Martin Luther King, The Dream and Career Success

Today is Martin Luther King Day in the USA.  Dr. King is a personal hero of mine.  He did a lot to promote racial equality and harmony in this country.  I am old enough to remember watching his “I Have a Dream” speech in front of the Lincoln Memorial live on television.  It was August 28, 1963, two weeks after my 13th birthday.

Here are some excerpts from that speech…

I have a dream that one day this nation will rise up and live out the true meaning of its creed: “We hold these truths to be self-evident, that all men are created equal.”

I have a dream that one day on the red hills of Georgia, the sons of former slaves and the sons of former slave owners will be able to sit down together at the table of brotherhood.

I have a dream that one day even the state of Mississippi, a state sweltering with the heat of injustice, sweltering with the heat of oppression, will be transformed into an oasis of freedom and justice.

I have a dream that my four little children will one day live in a nation where they will not be judged by the color of their skin but by the content of their character.

I have a dream today!

I have a dream that one day, down in Alabama, with its vicious racists, with its governor having his lips dripping with the words of “interposition” and “nullification” — one day right there in Alabama little black boys and black girls will be able to join hands with little white boys and white girls as sisters and brothers.

I have a dream today!

These are powerful words.  They focus on tolerance and civility and the basic dignity of all human beings.   Tolerance and civility are important today.  Our political rhetoric has gotten out of hand.  Our society is becoming increasingly intolerant and uncivil. 

The founders of the Civility Project have closed it down because of the angry emails they have received. The Civility Project asked us all to do three things:

  • Be civil in your public discourse and behavior.
  • Be respectful of others, whether or not you agree with them.
  • Take a stand against incivility when you see it.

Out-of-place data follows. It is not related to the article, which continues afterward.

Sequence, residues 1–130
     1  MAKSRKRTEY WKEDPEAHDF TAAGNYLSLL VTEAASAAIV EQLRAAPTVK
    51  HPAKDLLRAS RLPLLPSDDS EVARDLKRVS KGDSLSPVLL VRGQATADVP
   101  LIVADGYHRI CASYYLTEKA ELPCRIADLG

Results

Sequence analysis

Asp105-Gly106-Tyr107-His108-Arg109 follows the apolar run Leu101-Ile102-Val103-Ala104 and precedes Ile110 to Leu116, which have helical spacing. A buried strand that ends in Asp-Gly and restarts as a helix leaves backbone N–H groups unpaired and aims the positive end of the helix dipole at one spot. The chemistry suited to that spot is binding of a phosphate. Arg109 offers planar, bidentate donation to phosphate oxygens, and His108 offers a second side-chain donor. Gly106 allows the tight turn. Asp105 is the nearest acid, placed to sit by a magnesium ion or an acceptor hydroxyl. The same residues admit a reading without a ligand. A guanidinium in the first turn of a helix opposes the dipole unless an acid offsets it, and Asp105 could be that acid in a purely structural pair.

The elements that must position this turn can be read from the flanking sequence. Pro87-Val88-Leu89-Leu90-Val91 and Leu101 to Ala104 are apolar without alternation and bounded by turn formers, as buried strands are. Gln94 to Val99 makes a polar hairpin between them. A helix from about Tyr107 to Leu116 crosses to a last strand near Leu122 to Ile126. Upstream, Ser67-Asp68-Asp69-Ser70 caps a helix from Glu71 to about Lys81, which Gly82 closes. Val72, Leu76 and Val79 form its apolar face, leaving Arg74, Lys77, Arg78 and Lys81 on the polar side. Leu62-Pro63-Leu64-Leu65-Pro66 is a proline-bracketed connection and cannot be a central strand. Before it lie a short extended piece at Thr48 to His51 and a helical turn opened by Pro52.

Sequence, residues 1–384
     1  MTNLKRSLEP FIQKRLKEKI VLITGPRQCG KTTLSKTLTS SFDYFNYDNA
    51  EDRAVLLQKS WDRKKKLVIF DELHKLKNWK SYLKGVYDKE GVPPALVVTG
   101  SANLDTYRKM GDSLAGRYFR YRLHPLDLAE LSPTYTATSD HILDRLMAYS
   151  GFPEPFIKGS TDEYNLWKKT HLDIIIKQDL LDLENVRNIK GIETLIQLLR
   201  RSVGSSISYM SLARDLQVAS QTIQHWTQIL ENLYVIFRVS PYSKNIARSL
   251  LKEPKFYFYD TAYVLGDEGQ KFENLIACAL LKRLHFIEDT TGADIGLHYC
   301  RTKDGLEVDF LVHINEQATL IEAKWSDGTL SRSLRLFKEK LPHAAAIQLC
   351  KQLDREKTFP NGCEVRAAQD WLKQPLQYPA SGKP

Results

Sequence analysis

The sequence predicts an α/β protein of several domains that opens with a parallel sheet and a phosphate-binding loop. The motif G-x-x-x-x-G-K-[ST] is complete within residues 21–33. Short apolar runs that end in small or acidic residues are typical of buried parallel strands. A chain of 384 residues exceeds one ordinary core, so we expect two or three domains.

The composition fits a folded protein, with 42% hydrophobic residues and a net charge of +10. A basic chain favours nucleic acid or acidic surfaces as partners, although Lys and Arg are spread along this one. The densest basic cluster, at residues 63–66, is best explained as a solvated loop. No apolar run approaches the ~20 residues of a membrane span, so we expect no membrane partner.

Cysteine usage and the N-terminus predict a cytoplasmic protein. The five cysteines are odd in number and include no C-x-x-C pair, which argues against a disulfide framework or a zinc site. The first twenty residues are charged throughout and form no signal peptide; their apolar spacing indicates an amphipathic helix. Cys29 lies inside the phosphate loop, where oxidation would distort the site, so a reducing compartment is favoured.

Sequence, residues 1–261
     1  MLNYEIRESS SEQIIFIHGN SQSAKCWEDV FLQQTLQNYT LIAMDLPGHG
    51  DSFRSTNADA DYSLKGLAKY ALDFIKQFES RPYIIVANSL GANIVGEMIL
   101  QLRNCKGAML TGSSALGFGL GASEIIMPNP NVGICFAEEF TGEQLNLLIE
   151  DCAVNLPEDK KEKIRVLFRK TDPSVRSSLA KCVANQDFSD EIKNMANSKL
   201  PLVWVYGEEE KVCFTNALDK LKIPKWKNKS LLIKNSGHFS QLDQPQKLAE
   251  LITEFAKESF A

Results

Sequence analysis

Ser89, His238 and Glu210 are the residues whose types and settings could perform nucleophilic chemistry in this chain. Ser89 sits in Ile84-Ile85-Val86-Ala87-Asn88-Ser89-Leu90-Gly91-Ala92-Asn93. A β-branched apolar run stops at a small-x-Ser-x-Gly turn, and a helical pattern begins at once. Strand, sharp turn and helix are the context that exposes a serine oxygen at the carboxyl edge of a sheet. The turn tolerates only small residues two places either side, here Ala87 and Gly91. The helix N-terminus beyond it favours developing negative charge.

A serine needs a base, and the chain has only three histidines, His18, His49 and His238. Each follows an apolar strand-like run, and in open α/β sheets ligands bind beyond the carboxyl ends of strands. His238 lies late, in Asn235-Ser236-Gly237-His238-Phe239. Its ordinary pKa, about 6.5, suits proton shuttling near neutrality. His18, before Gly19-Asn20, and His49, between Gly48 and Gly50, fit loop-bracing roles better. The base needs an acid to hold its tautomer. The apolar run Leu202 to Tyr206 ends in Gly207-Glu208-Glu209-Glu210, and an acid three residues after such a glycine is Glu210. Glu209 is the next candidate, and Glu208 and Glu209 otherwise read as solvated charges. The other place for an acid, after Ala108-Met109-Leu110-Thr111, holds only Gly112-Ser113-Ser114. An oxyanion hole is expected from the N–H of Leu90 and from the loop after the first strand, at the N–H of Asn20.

I took the Civility Pledge.  I think it is good for our society.  I also think it is important career advice.  Behaving in a civil manner is the best way to build the relationships that can lead to your life and career success.

Career success is built on relationships.  Relationships are built on tolerance and civility.  Tweet 124 in my career success book Success Tweets says, “Everyone has something to offer.  Never dismiss anyone out of hand.” 

Successful people have a deep respect for the dignity of each individual.  It doesn’t matter if the person in front of you is the President of the United States, a member of the opposite political party, your boss, a co-worker, a waiter, a taxi driver, a security guard or the housekeeper at your hotel. 

Treating every person you meet with dignity and respect is a great first step in building the relationships that will lead to your life and career success.

Cathy, my wife, is the best example of someone who values every person she meets.  She is friends with everyone – the pharmacy techs where we get out prescriptions, the couple who own the dry cleaners where we do business, the supermarket checkout people and baggers, the servers at the restaurants we frequent, and on and on and on.

Cathy is genuinely interested in these people.  She knows their names, their spouses’ names and their kids’ names. She inquires about their lives.  She knows about their vacations, what grades their kids are in school and lots of other things about them – all because she values them as individuals and takes the time to get to know them.  She is one of the least judgmental and most accepting people I know.

The other day I called home when I was traveling.  Cathy was upset because one of the women who attended a birthday luncheon she organized was rude to a waiter.  She said to me, “I was embarrassed by the way she treated him.  It just wasn’t right.  He is a human being too.”  She understands the importance of civility.